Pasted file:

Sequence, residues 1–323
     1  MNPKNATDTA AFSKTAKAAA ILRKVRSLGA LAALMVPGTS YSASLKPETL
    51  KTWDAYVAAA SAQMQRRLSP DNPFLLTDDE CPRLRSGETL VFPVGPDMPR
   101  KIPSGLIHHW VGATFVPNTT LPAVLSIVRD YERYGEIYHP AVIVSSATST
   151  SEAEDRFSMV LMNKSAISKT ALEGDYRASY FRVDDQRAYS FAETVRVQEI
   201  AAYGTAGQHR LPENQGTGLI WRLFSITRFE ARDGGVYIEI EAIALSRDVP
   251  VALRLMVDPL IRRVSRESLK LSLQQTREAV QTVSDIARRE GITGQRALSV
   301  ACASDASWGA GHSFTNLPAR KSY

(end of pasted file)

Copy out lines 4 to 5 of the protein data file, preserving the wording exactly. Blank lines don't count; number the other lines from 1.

   101  KIPSGLIHHW VGATFVPNTT LPAVLSIVRD YERYGEIYHP AVIVSSATST
   151  SEAEDRFSMV LMNKSAISKT ALEGDYRASY FRVDDQRAYS FAETVRVQEI